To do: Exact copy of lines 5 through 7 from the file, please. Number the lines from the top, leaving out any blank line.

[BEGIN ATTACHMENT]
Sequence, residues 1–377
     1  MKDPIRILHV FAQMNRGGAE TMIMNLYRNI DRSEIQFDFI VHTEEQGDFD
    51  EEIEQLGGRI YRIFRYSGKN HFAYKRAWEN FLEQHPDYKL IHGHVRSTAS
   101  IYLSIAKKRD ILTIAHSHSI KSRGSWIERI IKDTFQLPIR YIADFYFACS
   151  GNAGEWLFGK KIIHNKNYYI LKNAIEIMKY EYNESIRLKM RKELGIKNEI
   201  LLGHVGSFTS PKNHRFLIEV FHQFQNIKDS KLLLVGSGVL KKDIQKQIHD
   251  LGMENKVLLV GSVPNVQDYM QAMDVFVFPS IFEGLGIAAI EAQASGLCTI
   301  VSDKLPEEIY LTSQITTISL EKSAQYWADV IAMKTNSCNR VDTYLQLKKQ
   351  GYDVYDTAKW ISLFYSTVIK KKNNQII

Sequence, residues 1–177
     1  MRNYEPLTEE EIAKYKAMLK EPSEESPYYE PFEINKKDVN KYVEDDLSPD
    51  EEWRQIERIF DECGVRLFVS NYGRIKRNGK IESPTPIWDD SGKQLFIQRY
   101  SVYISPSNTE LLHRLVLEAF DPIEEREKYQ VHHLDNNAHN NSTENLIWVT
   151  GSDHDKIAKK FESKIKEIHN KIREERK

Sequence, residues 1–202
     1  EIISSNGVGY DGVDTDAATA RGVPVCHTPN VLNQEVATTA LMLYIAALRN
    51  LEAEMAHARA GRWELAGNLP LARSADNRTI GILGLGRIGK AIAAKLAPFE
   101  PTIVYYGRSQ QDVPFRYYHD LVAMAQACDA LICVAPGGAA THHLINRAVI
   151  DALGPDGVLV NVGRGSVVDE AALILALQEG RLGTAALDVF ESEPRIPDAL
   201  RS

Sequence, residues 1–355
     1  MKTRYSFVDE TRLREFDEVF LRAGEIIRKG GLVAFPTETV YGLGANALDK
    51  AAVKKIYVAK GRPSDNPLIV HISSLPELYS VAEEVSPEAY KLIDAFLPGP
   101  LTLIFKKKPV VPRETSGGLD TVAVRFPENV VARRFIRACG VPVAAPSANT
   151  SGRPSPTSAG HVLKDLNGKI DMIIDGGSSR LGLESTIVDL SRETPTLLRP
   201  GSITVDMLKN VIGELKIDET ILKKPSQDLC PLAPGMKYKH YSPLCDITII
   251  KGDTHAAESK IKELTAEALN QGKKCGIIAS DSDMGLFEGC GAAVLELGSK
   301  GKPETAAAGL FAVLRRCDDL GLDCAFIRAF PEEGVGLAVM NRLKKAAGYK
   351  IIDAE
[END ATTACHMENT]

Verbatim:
   151  GNAGEWLFGK KIIHNKNYYI LKNAIEIMKY EYNESIRLKM RKELGIKNEI
   201  LLGHVGSFTS PKNHRFLIEV FHQFQNIKDS KLLLVGSGVL KKDIQKQIHD
   251  LGMENKVLLV GSVPNVQDYM QAMDVFVFPS IFEGLGIAAI EAQASGLCTI